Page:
I love you, Beastie.

Being silly and giving my oldest boy a snuggle and his sweet little voice spouts off a crisp and odd sentence. I would have been so proud if I had understood what was happening. My 4 year old, first born son, stood in front of me with a stone cold look on his face and said,
“I hate you, Beastie.”

At first I looked around too see if he was pretending, then I explained that hate means to really really not like something and we try not to use that word, especially not toward people we love. Then he explained in his best layperson impression,

“I said that yike Mawefahcent in the movie. She says that, and it’s bad, but she’s really good and just doesn’t want to show it. She pretends to hate the girl. She means wuv but she says hate. It’s not bad manners, Mom.”

It was only after he skipped away, happily mumbling to himself, that the full force of it all hit me. My little person was using movie quotes to communicate with me and he understood the concept of pretending not to like something so as not to be seen a certain way. Oh, how my heart swelled and shrunk all at once. I admired his candor and feared for his hiden feelings.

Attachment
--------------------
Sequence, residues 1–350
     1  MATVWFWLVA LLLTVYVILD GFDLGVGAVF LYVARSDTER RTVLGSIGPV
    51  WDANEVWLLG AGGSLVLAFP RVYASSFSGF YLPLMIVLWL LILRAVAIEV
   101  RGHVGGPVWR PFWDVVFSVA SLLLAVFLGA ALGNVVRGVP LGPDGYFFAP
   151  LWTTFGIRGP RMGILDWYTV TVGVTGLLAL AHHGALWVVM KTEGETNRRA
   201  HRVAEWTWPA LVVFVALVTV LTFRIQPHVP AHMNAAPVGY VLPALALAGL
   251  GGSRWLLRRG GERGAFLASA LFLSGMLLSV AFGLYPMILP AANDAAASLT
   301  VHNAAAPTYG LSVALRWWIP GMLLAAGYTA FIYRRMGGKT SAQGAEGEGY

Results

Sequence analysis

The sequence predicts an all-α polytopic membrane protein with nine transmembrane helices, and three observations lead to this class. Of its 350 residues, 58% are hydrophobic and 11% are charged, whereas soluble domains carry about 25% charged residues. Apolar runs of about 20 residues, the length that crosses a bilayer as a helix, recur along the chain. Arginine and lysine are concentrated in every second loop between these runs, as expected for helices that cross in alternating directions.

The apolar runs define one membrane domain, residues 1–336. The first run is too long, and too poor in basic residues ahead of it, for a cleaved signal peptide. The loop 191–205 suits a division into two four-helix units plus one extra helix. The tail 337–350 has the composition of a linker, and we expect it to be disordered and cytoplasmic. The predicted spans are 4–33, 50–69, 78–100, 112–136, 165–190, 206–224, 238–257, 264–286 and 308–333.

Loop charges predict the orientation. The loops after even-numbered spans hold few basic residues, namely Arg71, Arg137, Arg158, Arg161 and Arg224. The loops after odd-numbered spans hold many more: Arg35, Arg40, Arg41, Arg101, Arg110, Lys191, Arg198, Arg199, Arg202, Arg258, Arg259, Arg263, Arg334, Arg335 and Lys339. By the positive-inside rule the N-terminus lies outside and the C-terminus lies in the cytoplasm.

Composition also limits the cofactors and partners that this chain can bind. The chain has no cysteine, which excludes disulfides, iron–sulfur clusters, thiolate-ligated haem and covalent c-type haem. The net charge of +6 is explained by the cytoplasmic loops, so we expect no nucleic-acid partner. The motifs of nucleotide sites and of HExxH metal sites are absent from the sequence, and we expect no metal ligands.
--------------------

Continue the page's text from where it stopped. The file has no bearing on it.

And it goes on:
Tonight after he had snuck into our room for the second time, and 3 hours past bedtime, I whispered in his ear as I hugged him into a perfect tiny spoon position,

“I love you, Beastie.”

The smile and giggle that resulted was worth a thousand excuses to be awake at that moment. To savor his smell, his sleep drunk slur, his loosening hug as his arms gave way to fatigue. My sweet, smart, amazing, Beastie.


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